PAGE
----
“Anyone that is deeply involved in learning Chinese knows about the Chinese Bridge competition, since it’s the ultimate Chinese competition on an international level,” Brzesowsky said. “Even though I missed so much school, it was an unforgettable experience to be able to visit different tourist sites and encounter China firsthand.”

Upper School Mandarin Chinese teacher Esther Bao, who observed her participation in the prestigious competition, praises her student’s dedication to not only excelling in the competition but also her commitment to mastering the difficult language.

“I have to credit Charlene for all of her hard work,” Bao said. “I really only helped her correct her tones and grammar at first, but mainly she spent the time on her own to really master the language. Her passion amazes me every day. She realized she had a love for the language and began to take extra steps to immerse herself into the culture.”

Although the competition helped to further this passion, Brzesowsky quickly picked up the language and has been practicing her tones and immersing herself in the culture for years. While she speaks German, French, Polish and English fluently, the beauty of China’s ancient history and tradition has driven her to commit the majority of her time to Chinese.

“The first time I heard the Chinese language, I was immediately drawn in,” Brzesowsky noted. “It just sounded so different from all the languages around me. Later, when I started finding out more about the rich Chinese culture, I set my eyes on learning Chinese.”

Her love for Chinese transcends Bao’s expectations and surpasses the average person’s journey in learning a language. While many Hockaday students’ end goal is to become fluent or simply confident in speaking a foreign tongue, Brzesowsky has never limited herself to her Chinese homework.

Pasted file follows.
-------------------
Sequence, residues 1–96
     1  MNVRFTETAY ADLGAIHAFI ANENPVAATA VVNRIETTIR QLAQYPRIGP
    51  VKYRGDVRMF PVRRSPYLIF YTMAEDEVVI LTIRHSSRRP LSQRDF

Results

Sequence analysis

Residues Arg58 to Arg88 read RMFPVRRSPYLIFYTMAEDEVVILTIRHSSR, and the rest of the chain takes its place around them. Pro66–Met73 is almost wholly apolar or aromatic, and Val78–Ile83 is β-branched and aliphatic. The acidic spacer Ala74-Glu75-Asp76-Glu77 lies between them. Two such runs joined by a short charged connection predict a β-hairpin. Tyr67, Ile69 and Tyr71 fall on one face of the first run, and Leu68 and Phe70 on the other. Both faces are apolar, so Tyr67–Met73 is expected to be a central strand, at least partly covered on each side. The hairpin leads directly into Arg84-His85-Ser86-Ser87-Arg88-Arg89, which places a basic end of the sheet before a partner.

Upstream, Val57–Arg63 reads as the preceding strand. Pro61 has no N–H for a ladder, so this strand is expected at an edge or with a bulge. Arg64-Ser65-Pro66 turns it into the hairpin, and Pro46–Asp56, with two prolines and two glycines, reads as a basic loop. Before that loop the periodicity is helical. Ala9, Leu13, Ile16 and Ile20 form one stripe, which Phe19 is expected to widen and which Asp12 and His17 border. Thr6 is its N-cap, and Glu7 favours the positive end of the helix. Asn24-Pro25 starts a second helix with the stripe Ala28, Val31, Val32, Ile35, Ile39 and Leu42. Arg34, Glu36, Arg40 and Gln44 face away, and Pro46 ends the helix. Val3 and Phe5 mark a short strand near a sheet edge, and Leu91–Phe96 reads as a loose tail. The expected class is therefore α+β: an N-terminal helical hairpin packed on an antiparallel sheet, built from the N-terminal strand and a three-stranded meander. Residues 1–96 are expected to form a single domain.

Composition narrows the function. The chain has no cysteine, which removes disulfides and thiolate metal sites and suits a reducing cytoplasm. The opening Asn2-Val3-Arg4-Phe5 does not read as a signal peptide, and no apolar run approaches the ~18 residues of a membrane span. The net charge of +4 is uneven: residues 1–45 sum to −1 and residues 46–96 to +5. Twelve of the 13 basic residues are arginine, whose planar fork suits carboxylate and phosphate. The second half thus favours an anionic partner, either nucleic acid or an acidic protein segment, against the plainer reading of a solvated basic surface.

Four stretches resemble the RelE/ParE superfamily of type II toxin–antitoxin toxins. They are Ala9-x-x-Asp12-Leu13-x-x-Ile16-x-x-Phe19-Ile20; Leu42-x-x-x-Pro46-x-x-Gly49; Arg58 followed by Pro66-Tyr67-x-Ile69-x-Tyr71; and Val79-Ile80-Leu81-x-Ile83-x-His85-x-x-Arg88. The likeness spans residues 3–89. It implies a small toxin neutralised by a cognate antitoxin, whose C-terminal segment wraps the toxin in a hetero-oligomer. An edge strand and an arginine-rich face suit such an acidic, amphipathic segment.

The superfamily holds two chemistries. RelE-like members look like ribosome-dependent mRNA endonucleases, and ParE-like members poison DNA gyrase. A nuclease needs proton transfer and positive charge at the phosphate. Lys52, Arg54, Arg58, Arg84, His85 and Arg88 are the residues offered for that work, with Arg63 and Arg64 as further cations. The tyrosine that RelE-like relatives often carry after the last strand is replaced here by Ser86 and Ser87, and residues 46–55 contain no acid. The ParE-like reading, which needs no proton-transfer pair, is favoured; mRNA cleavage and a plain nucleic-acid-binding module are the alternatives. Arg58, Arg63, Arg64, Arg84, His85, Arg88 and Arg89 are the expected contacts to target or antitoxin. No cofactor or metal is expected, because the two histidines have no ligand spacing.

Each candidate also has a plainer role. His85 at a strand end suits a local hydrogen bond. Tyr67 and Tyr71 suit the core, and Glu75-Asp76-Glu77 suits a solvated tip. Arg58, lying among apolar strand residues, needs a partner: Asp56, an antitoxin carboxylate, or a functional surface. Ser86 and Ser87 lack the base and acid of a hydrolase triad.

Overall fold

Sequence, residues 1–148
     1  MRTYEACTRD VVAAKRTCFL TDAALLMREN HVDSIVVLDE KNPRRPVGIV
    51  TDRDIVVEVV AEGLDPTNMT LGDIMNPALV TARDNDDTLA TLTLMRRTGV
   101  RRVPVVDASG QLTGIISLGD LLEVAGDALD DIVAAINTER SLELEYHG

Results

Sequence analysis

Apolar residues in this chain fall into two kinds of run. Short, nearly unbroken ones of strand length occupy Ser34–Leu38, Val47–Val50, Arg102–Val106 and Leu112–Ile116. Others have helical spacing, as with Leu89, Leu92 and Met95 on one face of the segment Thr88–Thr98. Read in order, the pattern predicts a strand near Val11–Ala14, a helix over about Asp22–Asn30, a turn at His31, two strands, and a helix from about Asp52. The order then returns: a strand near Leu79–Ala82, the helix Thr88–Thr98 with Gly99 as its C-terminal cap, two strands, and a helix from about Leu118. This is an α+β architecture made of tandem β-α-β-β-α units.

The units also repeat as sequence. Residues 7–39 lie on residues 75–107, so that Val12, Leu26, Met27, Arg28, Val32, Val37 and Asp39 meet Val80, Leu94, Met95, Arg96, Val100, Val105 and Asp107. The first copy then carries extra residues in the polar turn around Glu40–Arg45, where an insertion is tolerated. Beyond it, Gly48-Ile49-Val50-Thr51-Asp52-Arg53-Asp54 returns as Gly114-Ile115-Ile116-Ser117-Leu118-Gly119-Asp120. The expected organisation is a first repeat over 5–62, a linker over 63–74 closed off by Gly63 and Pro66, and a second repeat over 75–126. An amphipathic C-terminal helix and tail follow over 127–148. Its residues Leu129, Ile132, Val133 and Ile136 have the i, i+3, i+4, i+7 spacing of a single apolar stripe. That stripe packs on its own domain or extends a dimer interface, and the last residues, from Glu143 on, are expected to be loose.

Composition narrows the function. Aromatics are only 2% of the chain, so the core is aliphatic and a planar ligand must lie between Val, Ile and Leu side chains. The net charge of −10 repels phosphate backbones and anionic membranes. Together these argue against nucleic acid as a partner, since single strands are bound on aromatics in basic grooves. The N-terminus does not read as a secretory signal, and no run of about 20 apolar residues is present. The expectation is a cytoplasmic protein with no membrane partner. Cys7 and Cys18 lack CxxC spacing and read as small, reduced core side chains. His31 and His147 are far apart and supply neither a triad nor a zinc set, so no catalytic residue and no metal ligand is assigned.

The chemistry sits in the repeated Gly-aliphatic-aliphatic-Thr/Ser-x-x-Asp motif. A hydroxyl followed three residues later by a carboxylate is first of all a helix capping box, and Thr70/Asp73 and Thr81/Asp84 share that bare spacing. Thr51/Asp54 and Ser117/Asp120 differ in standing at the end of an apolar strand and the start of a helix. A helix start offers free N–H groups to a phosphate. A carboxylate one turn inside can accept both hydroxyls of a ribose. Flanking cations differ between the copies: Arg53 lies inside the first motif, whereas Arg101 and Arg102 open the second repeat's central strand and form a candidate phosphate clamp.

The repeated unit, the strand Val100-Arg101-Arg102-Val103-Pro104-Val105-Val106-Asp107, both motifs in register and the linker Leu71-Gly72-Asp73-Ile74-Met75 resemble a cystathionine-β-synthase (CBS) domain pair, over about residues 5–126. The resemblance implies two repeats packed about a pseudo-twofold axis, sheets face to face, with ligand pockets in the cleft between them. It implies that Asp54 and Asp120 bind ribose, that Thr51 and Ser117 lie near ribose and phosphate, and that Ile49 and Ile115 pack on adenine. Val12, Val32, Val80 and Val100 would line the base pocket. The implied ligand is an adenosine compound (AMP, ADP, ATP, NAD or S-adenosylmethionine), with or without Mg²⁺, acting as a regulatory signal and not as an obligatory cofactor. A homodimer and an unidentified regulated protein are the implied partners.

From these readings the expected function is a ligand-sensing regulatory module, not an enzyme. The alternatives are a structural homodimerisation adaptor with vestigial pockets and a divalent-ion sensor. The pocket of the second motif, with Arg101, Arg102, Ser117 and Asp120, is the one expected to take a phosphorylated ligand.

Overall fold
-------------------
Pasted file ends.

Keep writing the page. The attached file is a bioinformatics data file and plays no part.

“The extra steps [Brzesowsky] has taken to become a part of the culture is incredible. One example is the initiative she has taken to learn a very difficult instrument, the kuia ‘ban, from a Chinese instructor via Skype. You can imagine the struggle of the time difference. But it’s more than that—she almost knows more about the culture than I do!” Bao jokingly said.

Likewise, her drive to excel does not go unnoticed by her classmates. Junior Ines Guevara, Brzesowsky’s classmate since sixth grade, sees her as a role model. However, while Brzesowsky’s performance has encouraged the Hockaday community to further appreciate the language, the Chinese program is not as popular as French, Spanish or Latin. With such limited exposure within the Hockaday community, Guevara hopes that Brzesowsky’s adventures will be monumental in expanding the appreciation of different cultures.

“[Brzesowsky] is so inspiring to everyone at Hockaday who takes Chinese,” Guevara said. “She helped everyone in the Upper School take notice of the Chinese department and how interesting and important of a language it is.”

With an abundance of newly-earned accolades under her belt, Brzesowsky has established a name for herself in the Chinese both nationally and internationally. However, she acknowledges the unpredictable future in the hopes of continuing to further her talents.

“We never know what the future holds, but ideally, everyone wants to have a job that they’re excited to go to everyday,” Brzesowsky stated. “I am still working on finding something that combines my passions together.”


Story by Shea Duffy, Sports Editor

Photo provided by Charlene Brzesowsky

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Shea Duffy

Shea is an energetic! junior who peaked at Swiss Semester. She loves sushi, her dogs, Bean and Rice, and chewing on ice (her dentist hates her!) She is always down for a competitive game of Words with Friends.